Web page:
Way Too Late: Uncharted


I know, I know, the movie has been out for months, but sometimes I get wrapped up doing other things (nothing) and I forget to watch stuff I'm excited about. I only saw The Green Knight the other day. I might maybe watch The Northman this weekend, who knows. But I did it, I watched Uncharted and now you all have to hear what I have to say about it. Because I lack the discipline to go to the theater by myself every time a movie comes out, this will probably be the first in a series of reviews I will be writing about films I watch whenever I get around to it. Here is this one.


Uncharted is originally a series of video games much in the vein of franchises like Tomb Raider. Developed by the studio Naughty Dog, which has also created the critically acclaimed The Last of Us series and the significantly less serious Crash Bandicoot games, it stars charismatic young explorer Nathan Drake, an adventurous young orphan and self-declared descendant of the legendary ship captain Sir Francis Drake. The player partners with Victor "Sully" Sullivan in a 4-part epic following the pair through a series of zany adventures around the world in search of hidden booty. The games' heart-pounding action set pieces and profound character moments made it an obvious candidate for a big-screen adaptation, and after a troubled production schedule, the film finally debuted in theaters earlier this year.


The film follows Drake and Sully, played by Tom Holland and Mark Wahlberg respectively, as Sully recruits Nate to help him find the fabled lost gold of Ferdinand Magellan's expedition to circumnavigate the globe in 1500s. The wisecracking young Nate, employed as a bartender at the time, demonstrates his potential through his pickpocketing skills and also by educating Sully, supposedly a grizzled veteran of the treasure-hunting underworld, on the simple fact that Magellan did not survive his own voyage.


While initially skeptical of Holland's casting as the intrepid young Drake, I concede that Spidey won me over. He takes to the role with a youthful exuberance that evidently comes easily to him despite his deer-in-the-headlights affectation. His natural physical talent allows him to portray Drake's acrobatic style with reckless abandon that adds an element of frantic tension to the film's already thrilling action sequences. The film's pace is tempered at times by moments of emotional depth centered around Nate's hopes of finding his long lost brother Sam, and Holland navigates these valleys aptly.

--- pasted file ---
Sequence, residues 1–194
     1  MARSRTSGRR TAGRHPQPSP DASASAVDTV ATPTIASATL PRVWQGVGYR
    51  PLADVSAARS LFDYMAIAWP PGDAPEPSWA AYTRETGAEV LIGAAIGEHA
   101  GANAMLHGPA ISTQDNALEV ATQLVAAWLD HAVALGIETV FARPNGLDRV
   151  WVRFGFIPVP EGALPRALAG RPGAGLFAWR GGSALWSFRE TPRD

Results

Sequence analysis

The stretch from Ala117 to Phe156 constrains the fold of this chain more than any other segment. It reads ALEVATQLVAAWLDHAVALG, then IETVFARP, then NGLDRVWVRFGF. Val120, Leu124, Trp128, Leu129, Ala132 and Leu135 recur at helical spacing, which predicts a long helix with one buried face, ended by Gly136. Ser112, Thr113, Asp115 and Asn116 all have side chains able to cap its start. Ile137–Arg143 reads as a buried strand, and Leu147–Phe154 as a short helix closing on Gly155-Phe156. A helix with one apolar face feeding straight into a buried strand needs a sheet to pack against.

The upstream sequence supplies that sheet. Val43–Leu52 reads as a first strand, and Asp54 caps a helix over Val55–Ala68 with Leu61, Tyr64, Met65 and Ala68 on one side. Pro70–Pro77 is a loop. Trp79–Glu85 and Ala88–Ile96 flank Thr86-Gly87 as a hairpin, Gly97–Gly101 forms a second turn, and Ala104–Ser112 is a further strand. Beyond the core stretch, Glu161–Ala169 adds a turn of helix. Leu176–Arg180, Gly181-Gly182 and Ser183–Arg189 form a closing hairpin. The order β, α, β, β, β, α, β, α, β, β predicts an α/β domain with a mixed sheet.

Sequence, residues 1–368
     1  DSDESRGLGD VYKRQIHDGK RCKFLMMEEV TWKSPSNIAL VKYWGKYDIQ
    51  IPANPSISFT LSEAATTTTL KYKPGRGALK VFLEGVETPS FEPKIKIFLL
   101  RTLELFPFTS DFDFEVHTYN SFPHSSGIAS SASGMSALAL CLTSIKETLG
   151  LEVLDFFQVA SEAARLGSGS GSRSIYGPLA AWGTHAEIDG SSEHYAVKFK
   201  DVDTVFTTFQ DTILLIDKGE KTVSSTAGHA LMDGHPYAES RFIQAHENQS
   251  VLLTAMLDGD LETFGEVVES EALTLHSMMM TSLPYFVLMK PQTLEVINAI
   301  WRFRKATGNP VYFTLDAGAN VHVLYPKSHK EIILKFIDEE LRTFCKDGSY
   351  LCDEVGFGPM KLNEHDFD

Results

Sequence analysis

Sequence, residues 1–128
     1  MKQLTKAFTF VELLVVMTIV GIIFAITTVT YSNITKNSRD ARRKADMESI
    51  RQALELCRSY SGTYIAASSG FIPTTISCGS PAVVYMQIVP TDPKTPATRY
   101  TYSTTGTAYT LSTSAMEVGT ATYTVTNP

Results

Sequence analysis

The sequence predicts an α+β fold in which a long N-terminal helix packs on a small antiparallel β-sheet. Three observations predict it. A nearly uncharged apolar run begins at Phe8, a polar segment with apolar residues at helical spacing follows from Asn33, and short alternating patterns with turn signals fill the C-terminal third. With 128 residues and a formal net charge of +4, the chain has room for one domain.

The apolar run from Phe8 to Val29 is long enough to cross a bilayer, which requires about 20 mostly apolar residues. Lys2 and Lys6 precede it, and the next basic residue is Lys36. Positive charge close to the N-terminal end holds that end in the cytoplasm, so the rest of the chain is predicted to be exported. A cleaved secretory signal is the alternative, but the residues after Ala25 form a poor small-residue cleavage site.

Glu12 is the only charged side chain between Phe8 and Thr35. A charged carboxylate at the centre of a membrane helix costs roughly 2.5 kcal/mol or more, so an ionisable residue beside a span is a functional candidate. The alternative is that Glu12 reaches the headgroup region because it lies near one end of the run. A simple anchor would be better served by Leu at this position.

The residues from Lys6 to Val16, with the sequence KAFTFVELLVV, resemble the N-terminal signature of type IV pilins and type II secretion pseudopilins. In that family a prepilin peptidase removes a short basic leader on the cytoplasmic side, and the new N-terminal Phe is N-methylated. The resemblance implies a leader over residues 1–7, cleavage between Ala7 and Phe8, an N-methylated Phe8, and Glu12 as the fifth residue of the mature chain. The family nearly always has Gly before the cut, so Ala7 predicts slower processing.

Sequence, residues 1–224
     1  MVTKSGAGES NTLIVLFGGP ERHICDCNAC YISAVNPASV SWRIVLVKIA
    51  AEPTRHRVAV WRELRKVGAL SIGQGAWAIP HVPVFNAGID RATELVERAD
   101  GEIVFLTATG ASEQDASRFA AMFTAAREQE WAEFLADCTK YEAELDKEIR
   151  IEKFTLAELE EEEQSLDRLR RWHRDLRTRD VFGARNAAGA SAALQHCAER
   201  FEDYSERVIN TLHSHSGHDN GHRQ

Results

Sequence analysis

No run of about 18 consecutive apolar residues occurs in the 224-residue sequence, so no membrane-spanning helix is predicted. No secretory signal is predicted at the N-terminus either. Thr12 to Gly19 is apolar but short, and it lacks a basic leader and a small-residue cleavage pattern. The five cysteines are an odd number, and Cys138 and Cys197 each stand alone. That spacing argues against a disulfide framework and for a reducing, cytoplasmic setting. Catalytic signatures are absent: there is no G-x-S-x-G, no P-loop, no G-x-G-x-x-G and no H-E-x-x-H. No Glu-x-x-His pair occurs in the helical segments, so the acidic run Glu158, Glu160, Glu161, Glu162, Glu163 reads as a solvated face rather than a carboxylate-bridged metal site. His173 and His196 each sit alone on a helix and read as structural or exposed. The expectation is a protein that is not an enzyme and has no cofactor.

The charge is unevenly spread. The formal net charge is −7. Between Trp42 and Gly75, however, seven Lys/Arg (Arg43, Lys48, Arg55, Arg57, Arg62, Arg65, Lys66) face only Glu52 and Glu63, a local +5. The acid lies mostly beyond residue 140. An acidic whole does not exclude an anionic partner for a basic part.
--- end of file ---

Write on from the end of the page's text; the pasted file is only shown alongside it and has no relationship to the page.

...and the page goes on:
Wahlberg, however, is as woefully miscast as ever as Nathan's cynical mentor. He replaces the endearing saltiness of the elder explorer with his insufferable "Cleverest Masshole" persona, making this the worst Wahlberg joint since whatever his last movie was (I looked it up and apparently it's Father Stu, Joey is right again). Sully's "I'm getting too old for this shit" sidekick archetype is one of the easiest acting templates to nail, yet they insisted on casting the Tim Tebow of actors for it and he misses the mark entirely. This aspect of the production is, to put it mildly, a complete dud.


While Sophia Ali delivers a strong showing as the double-dealing Chloe Frazer, the normally exemplary Antonio Banderas phones in an undercooked performance as the forgettable villain (I don't remember what his character was called and I don't feel like looking it up).

Where the film does meet the games tit for tat, however, is the action. In a scene teased in the trailer, Nate must scale equipment crates dangling precariously from the back of a cargo plane in flight, reminiscent of a similar set piece from the games. The film concludes with a fight scene aboard a helicopter/sailboat chase that I can only describe as Top Gun meets The Goonies. It doesn't have to make sense, it just has to be fun.


And it is, if little else. The film peppers in a fair amount of fan service, including a brief cameo by Nathan Drake's original voice actor. As far as video game movie adaptations go, we have seen worse. Uncharted does enough things well to serve as an enjoyable action-adventure romp, and if I can stomach Wahlberg's "acting", so can you.

Joey's rating: B-


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